Review: Goliath by Tochi Onyebuchi

This is an absolutely tremendous book that befits its Biblically gigantic name yet I feel the need to start the review in a similar way to many of the reviews I’ve since read. I initially struggled to get into the book but you should stick with it.

The other repeated review comparison I’ve seen is to Samuel Delany’s Dhalgren. It is a comparison with some merit — both books do have a disorientating sense of an urban landscape in collapse — but it is not a helpful comparison. Rather like the initial statement I made, it is a comparison that feels like you are making either excuses or giving a warning. Where Dhalgren can feel obscure or even occult, Goliath is quite direct about its thesis even if it is complex in the way it interplays the lives of the multiple characters.

The core idea is simple and at various points, the characters explain it explicitly. At some point in our near future, many people leave Earth to live on colonies elsewhere. Bad air, diseases and radiation have made our planet not unlivable but definitely hostile. So many people left to find new lives elsewhere. Who though, gets left behind? In the America of Goliath, the answer is obvious: the poor and the marginalised.

This population shift is something we largely see in retrospect with the bulk of the story set in a new phase of future history. In the first section of the book (entitled “Summer”) and the final section (“Spring”) we encounter the remains of the city of New Haven from multiple perspectives. At one end, a group of “stackers” (sort of demolition men) and other denizens of the city, make their living as best they can in a world of limited electricity, poor sanitation and cybernetic police. At the other end, young wealthy people from the colonies, returning to Earth now that conditions have improved somewhat, eager to buy up abandoned (or not so abandoned) property. Reversed space colonisation as gentrification. That’s not a metaphor either, but something the story discusses overtly.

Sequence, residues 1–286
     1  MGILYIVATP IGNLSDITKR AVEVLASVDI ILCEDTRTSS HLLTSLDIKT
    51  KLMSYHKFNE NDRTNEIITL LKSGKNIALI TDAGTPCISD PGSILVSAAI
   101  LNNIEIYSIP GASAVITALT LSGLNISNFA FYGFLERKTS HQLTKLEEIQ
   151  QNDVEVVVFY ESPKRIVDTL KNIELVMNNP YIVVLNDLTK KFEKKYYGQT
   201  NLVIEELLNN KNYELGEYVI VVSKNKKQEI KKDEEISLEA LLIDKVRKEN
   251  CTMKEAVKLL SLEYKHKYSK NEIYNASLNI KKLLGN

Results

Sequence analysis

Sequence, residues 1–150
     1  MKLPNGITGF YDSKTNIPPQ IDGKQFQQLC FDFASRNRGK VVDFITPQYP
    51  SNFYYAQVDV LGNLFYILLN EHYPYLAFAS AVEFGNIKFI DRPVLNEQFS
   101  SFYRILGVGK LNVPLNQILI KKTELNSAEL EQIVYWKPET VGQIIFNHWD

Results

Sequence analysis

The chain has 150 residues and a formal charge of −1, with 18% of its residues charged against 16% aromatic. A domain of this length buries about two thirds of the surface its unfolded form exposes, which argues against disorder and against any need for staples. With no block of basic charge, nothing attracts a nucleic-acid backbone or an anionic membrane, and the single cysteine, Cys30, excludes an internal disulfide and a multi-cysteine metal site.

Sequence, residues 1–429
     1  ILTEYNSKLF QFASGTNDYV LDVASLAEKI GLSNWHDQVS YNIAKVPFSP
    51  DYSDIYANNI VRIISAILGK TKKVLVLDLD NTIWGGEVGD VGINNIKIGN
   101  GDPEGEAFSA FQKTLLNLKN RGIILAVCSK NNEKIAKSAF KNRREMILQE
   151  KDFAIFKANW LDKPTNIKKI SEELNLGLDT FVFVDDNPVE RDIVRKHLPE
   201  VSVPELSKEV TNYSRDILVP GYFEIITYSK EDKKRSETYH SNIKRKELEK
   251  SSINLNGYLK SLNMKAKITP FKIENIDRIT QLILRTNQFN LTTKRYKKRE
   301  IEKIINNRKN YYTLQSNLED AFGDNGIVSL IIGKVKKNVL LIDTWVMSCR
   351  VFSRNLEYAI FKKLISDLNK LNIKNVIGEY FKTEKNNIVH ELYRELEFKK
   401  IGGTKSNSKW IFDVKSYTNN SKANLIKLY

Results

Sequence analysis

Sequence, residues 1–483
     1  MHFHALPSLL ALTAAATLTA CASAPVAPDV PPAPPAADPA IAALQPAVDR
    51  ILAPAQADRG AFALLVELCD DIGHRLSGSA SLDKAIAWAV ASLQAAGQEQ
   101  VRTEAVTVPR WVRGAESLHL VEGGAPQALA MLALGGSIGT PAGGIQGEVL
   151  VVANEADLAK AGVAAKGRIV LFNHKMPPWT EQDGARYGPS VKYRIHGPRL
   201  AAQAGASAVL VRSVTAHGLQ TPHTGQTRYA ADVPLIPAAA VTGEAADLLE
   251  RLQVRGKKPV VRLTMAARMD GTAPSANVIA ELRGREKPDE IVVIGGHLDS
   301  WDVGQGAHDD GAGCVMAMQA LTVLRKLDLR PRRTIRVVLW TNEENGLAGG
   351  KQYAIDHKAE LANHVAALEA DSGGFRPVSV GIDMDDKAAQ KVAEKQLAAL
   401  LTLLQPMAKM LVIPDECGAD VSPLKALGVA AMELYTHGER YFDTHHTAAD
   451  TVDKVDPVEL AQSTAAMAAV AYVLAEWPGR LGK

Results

‘“You just don’t want to profit off of someone else’s misery. Is that it?” Eamonn did not smirk, nor did he chuckle. “Maybe this is gentrification, maybe it’s something else. You don’t know those people, and they don’t know you. Heck, they probably don’t even know about you.” “They shut the water off for them and turn it back on for us.”

Onyebuchi, Tochi. Goliath (p. 26). Tor Publishing Group. Kindle Edition.

Jonathon and David’s ambitions to make a new life back on Earth is set in contrast to the lives of the people who never had an opportunity to leave but they aren’t crude or shallow characters. Throughout the book, the key figures are given rich interior lives and complex feelings. While the emotional heart and beliefs of the book rest within the character of the stackers, particularly the veteran stacker Bishop, each person we meet have depth to them. In the audiobook version, this was enhanced with multiple narrators and in the ebook, the story shifts typography.

In the third section (Winter) we get the narrative voice of Jason Lingerfelt, a white supremacist murderer and vigilante. The story had already alluded to the territorial white gangs attempting to create a mini ethnostate in the semi-abandoned remains of the USA. Lingerfelt provides a perspective on that which at no point presents him as sympathetic and yet fully explores him as a person.

“Out the window, the pasture is charred and brittle. It looks how I remember it from the thunderstorms that attacked the homesteaders on the prairie when I was younger and stupider and runnin’ with men just as violent and hungry and desperate as me. Blackened patches where lightning struck and where tiny homes had turned into conflagrations, swallowing up the year’s harvest before the locusts had a chance. But this burn has a different smell to it; I can tell that much through the winda. It smells like salt poured into open wounds, like kicking a downed man, like rampaging after the war’d already been won. Or lost. It smells like the planet took revenge on us. It smells like Specials.”